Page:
U.S. Dept. of Commerce / NOAA / OAR / PMEL / Publications

Factors influencing physical structure and lower trophic levels of the eastern Bering Sea shelf in 2005: Sea ice, tides and winds.

Phyllis Stabeno1 Jeffrey Napp2, Calvin Mordy3, and Terry Whitledge4


1National Oceanographic and Atmospheric Administration, Pacific Marine Environmental Laboratory, 7600 Sand Point Way NE, Seattle, Washington, 98115-0070, USA

2National Oceanographic and Atmospheric Administration, Alaska Fisheries Science Center, 7600 Sand Point Way NE, Seattle, Washington, 98115-6349, USA

3University of Washington, JISAO, 7600 Sand Point Way NE, Seattle, Washington, 98115-0070, USA

4University of Alaska, Fairbanks, 245 O'Neil Building, P.O. Box 757200, Fairbanks, Alaska 99775-7200, USA

Progress in Oceanography, 85(4), 180–196, doi:10.1016/j.pocean.2010.02.010.
© 2010 Elsevier Ltd.

2. Methods and Data

2.1 Hydrography

This study uses hydrographic data collected during two cruises in 2005—one on the R/V Thomas G. Thompson (cruise TN179 leg 3: 10 May–25 May) and the second on the NOAA ship Miller Freeman (MF05-13: 21 September–4 October). Conductivity-temperature-depth (CTD) measurements were collected with a Seabird SBE911 plus system (reference to trade names does not imply endorsement by NOAA) with dual temperature and salinity, oxygen (one SeaBird SBE 43 on TN179 and two on MF05-13), solar radiation (Biospherical PAR QSP-200L, 400–700 nm), and chlorophyll fluorescence sensors (WETStar WS3S). Fluorescence from both the moored fluorometers and the fluorometer on the CTD was converted to chlorophyll concentration (μg 1−1) using the relationships provided by the manufacturer for each instrument during annual service and calibration. Data were recorded during the downcast, with a descent rate of 15 m min−1 to a depth of 35 m, and 30 m min−1 below that. Salinity calibration samples were collected on most casts and analyzed on a calibrated laboratory salinometer. The distance between stations along the 70-m isobath and on the cross-shelf transects was ~20 km. Each cruise occupied the same CTD stations along the 70-m isobath.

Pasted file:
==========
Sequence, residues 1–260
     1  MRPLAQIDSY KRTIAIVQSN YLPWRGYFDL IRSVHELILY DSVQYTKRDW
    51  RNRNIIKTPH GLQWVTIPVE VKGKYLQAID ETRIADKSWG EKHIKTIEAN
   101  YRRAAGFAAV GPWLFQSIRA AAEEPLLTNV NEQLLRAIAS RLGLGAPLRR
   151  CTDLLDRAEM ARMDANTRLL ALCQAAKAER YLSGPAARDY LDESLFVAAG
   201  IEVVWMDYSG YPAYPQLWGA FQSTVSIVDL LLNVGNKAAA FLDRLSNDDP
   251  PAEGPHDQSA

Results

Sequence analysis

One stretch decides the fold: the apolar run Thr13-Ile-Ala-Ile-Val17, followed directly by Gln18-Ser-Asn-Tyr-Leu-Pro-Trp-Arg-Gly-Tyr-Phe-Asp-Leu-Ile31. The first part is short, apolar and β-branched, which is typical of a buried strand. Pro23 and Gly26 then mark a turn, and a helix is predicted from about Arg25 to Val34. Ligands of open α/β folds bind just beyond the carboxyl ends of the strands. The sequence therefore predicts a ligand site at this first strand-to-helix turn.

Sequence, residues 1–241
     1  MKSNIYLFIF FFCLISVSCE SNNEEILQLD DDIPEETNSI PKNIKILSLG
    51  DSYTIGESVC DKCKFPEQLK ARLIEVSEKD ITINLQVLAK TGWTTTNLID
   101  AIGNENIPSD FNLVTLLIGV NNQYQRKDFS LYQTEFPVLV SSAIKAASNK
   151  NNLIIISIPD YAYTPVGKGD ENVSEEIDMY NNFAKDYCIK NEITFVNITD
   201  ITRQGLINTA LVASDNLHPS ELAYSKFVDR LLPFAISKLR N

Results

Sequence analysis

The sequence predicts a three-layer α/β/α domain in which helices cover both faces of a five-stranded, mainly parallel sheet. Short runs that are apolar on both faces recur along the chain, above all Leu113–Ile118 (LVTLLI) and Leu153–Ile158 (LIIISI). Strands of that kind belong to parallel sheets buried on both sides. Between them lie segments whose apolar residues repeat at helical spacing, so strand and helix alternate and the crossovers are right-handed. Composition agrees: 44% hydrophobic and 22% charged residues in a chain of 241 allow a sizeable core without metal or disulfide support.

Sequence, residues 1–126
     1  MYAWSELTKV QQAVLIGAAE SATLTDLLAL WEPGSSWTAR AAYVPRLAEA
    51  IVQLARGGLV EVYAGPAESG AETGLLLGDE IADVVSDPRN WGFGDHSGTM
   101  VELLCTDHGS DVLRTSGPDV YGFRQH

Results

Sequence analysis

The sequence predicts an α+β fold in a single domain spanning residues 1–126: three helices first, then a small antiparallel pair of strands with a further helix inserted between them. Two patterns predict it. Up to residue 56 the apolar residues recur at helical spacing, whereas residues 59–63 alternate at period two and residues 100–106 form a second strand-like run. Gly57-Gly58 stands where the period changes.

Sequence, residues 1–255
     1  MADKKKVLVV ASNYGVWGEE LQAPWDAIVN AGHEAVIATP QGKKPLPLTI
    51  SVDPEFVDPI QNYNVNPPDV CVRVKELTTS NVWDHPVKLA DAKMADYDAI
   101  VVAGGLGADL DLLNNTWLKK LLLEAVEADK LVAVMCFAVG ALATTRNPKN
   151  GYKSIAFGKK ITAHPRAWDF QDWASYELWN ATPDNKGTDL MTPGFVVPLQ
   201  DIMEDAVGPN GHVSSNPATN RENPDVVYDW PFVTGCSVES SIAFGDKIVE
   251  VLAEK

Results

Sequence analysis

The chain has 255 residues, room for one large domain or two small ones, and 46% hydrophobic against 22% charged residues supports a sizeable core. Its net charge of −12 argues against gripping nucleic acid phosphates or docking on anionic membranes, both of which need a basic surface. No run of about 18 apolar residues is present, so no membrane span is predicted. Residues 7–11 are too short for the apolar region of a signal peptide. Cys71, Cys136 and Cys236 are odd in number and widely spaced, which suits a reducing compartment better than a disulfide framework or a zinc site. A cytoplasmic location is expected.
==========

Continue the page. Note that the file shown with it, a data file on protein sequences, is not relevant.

During both cruises, water samples for dissolved inorganic nutrients were collected at each station using Niskin bottles. Nutrient samples were analyzed onboard for dissolved phosphate, silicic acid, nitrate, nitrite, and ammonia (only during TN179) using protocols of Gordon et al. (1993) and the ammonia protocol available at http://chemoc.coas.oregonstate.edu/~lgordon/cfamanual/whpmanual.pdf.

In situ oxygen sensors were calibrated by the manufacturer prior to each cruise, but a titrator was not available for ground truth measurements during the cruises. On TN179 there was one sensor, while on MF05–13 there were two sensors. The mean difference between the two sensors on each cast ranged from 3.9 to 6.7, with a mean of 5.6, and for each cast the correlation between the two sensors was greater than 0.99. We recognize the problem of not having titrated water samples for in situ calibration, but feel that the oxygen values provide patterns of variability that are informative and important in our descriptions of conditions on the shelf.

2.2 Modeled winds

The modeled winds were estimated using daily data from the National Centers for Environmental Prediction (NCEP)/National Center for Atmospheric Research (NCAR) Reanalysis (Kalnay et al., 1996). We follow the procedure used in Bond and Adams (2002) to specify particular elements of the atmospheric forcing on a daily basis for selected periods and interpolated wind velocity to the locations of two moorings, M2 and M8 (Fig. 1). The daily winds from the reanalysis are reliable in this region (Ladd and Bond, 2002). Meteorological variables, including wind velocity, were also measured on the surface mooring at M2 as described below.

2.3 Moorings

Four biophysical mooring sites (M2, M4, M5, and M8) are the cardinal locations of our observing network (Fig. 1). The moorings are recovered and redeployed twice a year, once in the spring (April/May) and again in the late summer or early fall (September/ October). Moorings at M2 have been maintained almost continuously since 1995. In addition, a series of moorings have been deployed at M4 since 1996 (continuous since 2000). M5 and M8 have been maintained since 2005 (current measurements since 2004) and 2004, respectively.